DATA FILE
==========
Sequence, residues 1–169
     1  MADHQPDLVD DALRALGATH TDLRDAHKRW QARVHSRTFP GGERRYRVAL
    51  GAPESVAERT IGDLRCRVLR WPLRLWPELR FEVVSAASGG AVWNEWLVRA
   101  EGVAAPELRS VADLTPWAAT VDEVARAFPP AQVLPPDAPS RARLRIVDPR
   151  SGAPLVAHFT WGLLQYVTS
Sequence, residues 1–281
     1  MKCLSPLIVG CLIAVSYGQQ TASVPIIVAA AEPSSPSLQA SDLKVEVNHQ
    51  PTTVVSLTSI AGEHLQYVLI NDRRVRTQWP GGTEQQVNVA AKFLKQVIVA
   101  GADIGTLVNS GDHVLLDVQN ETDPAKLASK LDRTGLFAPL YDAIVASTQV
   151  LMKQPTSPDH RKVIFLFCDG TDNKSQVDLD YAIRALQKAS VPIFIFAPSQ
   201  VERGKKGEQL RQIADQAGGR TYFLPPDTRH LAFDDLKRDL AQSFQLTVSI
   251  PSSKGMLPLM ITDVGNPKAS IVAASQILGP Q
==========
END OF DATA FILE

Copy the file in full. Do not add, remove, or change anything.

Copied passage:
Sequence, residues 1–169
     1  MADHQPDLVD DALRALGATH TDLRDAHKRW QARVHSRTFP GGERRYRVAL
    51  GAPESVAERT IGDLRCRVLR WPLRLWPELR FEVVSAASGG AVWNEWLVRA
   101  EGVAAPELRS VADLTPWAAT VDEVARAFPP AQVLPPDAPS RARLRIVDPR
   151  SGAPLVAHFT WGLLQYVTS
Sequence, residues 1–281
     1  MKCLSPLIVG CLIAVSYGQQ TASVPIIVAA AEPSSPSLQA SDLKVEVNHQ
    51  PTTVVSLTSI AGEHLQYVLI NDRRVRTQWP GGTEQQVNVA AKFLKQVIVA
   101  GADIGTLVNS GDHVLLDVQN ETDPAKLASK LDRTGLFAPL YDAIVASTQV
   151  LMKQPTSPDH RKVIFLFCDG TDNKSQVDLD YAIRALQKAS VPIFIFAPSQ
   201  VERGKKGEQL RQIADQAGGR TYFLPPDTRH LAFDDLKRDL AQSFQLTVSI
   251  PSSKGMLPLM ITDVGNPKAS IVAASQILGP Q